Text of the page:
In the late 19th century the railroad came to town, and led by northeastern industrialist Henry Flagler, St. Augustine became a winter resort for the very wealthy. A number of mansions and palatial grand hotels of this era still exist, some converted to other use, such as housing parts of Flagler College and museums. Flagler went on to develop much more of Florida's east coast, including his Florida East Coast Railway which eventually reached Key West in 1912.

The city is a popular tourism attraction, for the rich Spanish Colonial architectural heritage as well as elite 19th century architecture. In 1938 the theme park Marineland opened just south of St. Augustine, becoming one of Florida's first themed parks and setting the stage for the development of this industry in the following decades.


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Location of St. Augustine, Florida

St. Augustine is located at 29°53'39" North, 81°18'48" West (29.894264, -81.313208)Template:GR.

According to the United States Census Bureau, the city has a total area of 27.8 km² (10.7 mi²). 21.7 km² (8.4 mi²) of it is land and 6.1 km² (2.4 mi²) of it is water. The total area is 21.99% water.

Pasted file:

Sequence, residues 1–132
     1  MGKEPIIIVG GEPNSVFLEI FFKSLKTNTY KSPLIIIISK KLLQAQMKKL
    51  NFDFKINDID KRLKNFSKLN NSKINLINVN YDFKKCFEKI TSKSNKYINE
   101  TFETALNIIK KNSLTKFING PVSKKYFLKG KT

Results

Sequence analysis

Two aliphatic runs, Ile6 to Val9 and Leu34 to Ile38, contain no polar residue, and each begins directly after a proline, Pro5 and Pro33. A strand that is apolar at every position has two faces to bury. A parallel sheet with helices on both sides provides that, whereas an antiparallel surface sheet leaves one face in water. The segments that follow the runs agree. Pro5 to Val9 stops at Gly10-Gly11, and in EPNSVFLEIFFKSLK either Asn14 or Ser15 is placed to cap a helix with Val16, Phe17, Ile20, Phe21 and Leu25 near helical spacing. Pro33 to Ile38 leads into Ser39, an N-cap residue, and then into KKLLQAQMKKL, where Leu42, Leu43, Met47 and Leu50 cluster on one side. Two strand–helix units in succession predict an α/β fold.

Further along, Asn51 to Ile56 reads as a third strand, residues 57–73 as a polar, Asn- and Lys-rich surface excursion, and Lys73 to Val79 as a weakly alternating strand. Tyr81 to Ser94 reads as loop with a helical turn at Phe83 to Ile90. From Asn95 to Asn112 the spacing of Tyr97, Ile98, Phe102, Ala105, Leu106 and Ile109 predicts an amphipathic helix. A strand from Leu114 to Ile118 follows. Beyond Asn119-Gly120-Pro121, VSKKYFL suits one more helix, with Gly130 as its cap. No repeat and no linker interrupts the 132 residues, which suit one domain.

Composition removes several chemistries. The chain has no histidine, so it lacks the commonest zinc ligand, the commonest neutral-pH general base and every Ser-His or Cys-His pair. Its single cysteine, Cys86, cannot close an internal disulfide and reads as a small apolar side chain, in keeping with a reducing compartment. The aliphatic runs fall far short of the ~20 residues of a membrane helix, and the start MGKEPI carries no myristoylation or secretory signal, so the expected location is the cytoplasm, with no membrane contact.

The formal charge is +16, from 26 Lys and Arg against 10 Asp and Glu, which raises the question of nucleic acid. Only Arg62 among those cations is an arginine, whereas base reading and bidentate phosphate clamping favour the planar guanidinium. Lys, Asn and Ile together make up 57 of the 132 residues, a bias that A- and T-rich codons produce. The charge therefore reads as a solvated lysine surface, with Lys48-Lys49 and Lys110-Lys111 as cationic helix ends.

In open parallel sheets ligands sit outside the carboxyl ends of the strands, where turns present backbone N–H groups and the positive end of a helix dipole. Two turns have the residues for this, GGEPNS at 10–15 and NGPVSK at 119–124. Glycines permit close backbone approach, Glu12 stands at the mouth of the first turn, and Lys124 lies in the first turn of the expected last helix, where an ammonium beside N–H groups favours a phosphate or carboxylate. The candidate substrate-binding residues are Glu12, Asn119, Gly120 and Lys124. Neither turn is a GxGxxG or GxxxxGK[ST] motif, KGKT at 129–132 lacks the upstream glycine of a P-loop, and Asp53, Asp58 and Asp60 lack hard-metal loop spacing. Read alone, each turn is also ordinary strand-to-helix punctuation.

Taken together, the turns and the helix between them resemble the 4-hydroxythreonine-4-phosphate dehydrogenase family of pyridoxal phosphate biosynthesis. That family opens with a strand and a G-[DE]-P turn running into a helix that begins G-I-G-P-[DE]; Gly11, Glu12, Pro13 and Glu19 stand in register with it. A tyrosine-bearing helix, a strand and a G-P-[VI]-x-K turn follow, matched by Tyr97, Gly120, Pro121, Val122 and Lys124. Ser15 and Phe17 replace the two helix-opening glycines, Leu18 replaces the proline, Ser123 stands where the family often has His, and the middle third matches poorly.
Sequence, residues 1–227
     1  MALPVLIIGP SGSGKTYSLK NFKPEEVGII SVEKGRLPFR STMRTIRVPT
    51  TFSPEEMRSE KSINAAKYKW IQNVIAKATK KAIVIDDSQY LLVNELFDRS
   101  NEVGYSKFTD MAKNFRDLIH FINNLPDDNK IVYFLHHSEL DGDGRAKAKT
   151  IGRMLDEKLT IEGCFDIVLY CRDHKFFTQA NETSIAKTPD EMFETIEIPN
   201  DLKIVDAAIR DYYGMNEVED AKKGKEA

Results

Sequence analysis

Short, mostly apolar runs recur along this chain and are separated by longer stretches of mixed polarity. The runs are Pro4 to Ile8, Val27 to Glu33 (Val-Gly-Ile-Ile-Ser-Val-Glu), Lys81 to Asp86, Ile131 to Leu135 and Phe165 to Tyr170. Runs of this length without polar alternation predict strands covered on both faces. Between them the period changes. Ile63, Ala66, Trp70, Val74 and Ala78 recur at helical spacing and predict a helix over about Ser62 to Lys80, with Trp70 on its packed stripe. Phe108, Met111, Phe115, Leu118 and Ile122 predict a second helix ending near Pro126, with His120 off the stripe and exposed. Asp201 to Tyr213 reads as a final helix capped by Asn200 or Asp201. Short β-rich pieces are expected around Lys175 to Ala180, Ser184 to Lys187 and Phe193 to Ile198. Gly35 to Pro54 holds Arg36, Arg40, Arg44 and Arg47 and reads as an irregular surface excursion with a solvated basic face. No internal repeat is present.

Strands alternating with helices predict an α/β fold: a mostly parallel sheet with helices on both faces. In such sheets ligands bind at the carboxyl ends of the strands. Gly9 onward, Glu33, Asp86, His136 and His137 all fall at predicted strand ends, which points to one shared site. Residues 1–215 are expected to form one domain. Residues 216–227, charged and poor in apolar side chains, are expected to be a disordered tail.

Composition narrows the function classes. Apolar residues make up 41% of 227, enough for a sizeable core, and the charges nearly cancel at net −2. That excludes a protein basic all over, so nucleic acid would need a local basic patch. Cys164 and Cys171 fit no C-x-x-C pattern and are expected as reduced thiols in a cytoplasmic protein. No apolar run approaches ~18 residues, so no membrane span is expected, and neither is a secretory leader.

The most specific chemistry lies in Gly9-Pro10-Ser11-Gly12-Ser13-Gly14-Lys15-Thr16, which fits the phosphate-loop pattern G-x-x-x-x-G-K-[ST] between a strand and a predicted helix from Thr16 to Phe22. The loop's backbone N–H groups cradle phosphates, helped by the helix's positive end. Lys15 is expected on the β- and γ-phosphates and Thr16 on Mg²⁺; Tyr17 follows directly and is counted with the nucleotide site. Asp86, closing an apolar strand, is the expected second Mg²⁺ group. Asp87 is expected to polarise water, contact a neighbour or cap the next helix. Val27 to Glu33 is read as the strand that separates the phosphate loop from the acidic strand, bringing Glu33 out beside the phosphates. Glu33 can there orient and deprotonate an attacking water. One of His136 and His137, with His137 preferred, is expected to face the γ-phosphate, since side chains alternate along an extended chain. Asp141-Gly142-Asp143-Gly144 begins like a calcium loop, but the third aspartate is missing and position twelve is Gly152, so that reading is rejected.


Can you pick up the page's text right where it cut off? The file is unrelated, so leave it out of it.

Access to the Atlantic Ocean is via the St. Augustine Inlet of the Matanzas River.


As of the censusTemplate:GR of 2000, there are 11,592 people, 4,963 households, and 2,600 families residing in the city. The population density is 534.7/km² (1,384.6/mi²). There are 5,642 housing units at an average density of 260.3/km² (673.9/mi²). The racial makeup of the city is 81.21% White, 15.07% African American, 0.41% Native American, 0.72% Asian, 0.09% Pacific Islander, 0.88% from other races, and 1.61% from two or more races. 3.11% of the population are Hispanic or Latino of any race.

There are 4,963 households out of which 18.6% have children under the age of 18 living with them, 37.4% are married couples living together, 12.4% have a female householder with no husband present, and 47.6% are non-families. 36.7% of all households are made up of individuals and 14.5% have someone living alone who is 65 years of age or older. The average household size is 2.11 and the average family size is 2.76.

In the city the population is spread out with 16.1% under the age of 18, 15.3% from 18 to 24, 23.9% from 25 to 44, 25.2% from 45 to 64, and 19.5% who are 65 years of age or older. The median age is 42 years. For every 100 females there are 84.6 males. For every 100 females age 18 and over, there are 81.4 males.

The median income for a household in the city is $32,358, and the median income for a family is $41,892. Males have a median income of $27,099 versus $25,121 for females. The per capita income for the city is $21,225. 15.8% of the population and 9.8% of families are below the poverty line. Out of the total population, 25.8% of those under the age of 18 and 10.0% of those 65 and older are living below the poverty line.


External links

Template:Geolinks-US-cityscalede:St. Augustine